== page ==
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Coin Street's plan for 48-storey tower - a betrayal of their founding principles?

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Friday 30 December 2005 1.08pm
I was interested in those claims about the tower too - but to be pedantic those claims are being made by Lifschutz Davidson Sandilands who have designed the tower and the leisure centre.

Allies and Morrison have designed the Rambert part of the complex.

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Friday 30 December 2005 1.22pm
Oops! It would be interesting to know whether Nathaniel Lichfield also had a hand in the "research" for the overall design strategy.

To me that claim looks suspiciously like a post-hoc rationalisation of a decision to locate the flats so that they get better views of the river/trees rather than the back of the National's fly-towers.
Saturday 31 December 2005 2.49pm
A question. When Lambeth handed over this land to a community action group for a pound, surely there should have been some covernants - either implicit or explicit that the land should be used to support stated community objectives, such as mixed size social and affordable housing.

The issue for those living further away from Coin Street is that building of a leisure centre and swimming pool on the very tip of the Waterloo peninsular, will preclude a second facility being built in a place, eg the Elephant and Castle, which many more people and youngsters could access.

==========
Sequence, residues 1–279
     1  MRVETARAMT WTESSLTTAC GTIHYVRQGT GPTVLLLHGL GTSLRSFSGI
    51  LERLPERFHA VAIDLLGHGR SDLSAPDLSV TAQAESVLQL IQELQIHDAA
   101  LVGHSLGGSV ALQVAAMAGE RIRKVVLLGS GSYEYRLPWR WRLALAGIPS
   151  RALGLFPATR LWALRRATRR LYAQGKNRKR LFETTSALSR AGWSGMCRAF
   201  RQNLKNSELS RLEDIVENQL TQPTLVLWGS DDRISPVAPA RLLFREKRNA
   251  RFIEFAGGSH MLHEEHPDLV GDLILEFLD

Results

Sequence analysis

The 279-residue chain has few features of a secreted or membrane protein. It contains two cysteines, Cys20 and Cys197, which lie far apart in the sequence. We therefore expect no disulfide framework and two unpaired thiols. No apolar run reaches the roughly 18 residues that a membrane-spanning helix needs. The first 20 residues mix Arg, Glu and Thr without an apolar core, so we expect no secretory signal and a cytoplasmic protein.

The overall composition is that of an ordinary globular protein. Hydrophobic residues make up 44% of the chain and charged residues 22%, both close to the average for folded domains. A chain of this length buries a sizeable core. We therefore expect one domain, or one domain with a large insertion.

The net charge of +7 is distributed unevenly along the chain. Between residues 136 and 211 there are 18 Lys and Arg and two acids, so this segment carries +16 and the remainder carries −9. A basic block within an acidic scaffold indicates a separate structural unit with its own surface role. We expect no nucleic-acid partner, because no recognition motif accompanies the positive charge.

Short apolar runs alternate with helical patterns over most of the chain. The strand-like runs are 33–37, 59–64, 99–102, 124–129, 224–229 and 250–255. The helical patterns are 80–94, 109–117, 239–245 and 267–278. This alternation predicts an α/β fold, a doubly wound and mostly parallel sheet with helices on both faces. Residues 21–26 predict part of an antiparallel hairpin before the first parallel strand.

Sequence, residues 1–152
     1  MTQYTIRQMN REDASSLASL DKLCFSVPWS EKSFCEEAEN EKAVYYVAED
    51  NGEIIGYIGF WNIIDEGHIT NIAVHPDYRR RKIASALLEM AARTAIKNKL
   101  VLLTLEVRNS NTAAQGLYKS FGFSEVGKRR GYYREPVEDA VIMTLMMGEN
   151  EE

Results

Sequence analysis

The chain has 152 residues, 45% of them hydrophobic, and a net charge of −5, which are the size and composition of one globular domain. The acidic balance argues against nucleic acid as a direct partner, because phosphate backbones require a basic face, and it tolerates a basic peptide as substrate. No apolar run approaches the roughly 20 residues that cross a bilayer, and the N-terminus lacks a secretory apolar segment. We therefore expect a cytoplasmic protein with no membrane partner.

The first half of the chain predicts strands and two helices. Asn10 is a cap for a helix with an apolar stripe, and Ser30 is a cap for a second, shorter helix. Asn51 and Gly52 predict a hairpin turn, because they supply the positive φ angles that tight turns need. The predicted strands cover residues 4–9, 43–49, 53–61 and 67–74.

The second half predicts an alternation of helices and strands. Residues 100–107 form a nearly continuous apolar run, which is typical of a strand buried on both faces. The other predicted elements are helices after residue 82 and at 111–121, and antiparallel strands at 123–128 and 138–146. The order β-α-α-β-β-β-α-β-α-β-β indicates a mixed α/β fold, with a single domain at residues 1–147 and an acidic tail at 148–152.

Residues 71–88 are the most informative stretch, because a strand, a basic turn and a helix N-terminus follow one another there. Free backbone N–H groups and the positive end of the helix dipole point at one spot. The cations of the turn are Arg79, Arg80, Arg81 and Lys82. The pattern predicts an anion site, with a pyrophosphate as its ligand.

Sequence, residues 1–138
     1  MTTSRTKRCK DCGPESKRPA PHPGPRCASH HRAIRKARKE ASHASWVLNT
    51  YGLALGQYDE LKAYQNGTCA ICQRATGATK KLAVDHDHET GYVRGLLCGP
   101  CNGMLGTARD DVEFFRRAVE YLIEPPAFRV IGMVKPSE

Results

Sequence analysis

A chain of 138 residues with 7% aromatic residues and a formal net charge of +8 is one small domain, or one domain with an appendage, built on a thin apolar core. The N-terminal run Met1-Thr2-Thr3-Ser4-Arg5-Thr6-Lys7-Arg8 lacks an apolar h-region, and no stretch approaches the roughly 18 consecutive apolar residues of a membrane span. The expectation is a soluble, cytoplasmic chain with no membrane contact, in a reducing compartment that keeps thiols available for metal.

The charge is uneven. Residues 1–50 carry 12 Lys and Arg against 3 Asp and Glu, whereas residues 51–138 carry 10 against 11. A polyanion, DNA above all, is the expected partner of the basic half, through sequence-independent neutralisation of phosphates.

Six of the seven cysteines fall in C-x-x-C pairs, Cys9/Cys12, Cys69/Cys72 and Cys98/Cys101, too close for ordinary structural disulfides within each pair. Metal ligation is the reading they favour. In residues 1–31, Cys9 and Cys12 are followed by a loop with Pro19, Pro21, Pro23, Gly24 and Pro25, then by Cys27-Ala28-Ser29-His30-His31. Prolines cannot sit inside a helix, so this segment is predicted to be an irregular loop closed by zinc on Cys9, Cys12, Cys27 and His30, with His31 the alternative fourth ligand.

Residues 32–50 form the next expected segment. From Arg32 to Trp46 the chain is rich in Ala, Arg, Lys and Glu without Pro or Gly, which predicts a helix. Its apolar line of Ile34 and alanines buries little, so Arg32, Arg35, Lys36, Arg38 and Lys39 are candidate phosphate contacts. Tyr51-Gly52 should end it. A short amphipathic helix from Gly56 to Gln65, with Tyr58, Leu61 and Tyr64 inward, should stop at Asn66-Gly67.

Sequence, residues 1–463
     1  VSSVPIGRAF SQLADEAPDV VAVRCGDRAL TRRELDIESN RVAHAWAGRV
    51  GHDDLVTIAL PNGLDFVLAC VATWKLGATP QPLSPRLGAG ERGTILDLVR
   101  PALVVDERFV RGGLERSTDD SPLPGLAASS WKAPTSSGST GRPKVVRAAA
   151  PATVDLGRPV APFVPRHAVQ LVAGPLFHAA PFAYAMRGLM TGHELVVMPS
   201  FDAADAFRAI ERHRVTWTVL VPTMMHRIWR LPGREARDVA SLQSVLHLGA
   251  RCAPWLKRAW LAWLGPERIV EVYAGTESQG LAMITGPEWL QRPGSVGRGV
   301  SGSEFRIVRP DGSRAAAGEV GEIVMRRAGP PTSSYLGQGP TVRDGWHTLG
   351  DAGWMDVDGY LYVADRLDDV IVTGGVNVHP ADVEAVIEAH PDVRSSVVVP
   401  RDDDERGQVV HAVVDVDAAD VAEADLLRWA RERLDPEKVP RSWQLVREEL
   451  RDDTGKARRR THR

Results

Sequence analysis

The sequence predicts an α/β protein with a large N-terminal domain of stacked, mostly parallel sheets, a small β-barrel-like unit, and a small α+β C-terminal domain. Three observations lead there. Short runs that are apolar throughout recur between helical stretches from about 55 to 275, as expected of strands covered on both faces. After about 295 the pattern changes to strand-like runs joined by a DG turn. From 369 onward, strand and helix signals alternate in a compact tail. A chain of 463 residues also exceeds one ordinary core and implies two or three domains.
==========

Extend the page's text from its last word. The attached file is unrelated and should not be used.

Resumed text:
Another concern is that building this facility at Coin Street will provide Lambeth with justification for demolishing the very fine sports facilities at the old Lilian Baylis school site. (I was given a midnight tour - they are really amazing with indoor gyms, indoor and outdoor football, badminton and more.)

Coin Street seem to be using 1999/2000 MORI research designed to support the South Bank Employers Group Urban Design Strategy (UBS), as justification for the swimming pool. This research was also used to justifiy UBS proposals to build an indoor tennis centre on Archbishops Park - and a Lido in the Thames. The north of the park could apparently go because people preferred indoor leisure facilities to outdoor. I don't know what happened to the Thames Lido idea which I sort of liked. But when campaigning against the tennis centre we were unable to find a single person who was approached for the MORI research, and suspected they may have limited their sample survey to rush hour commuters at Waterloo Station.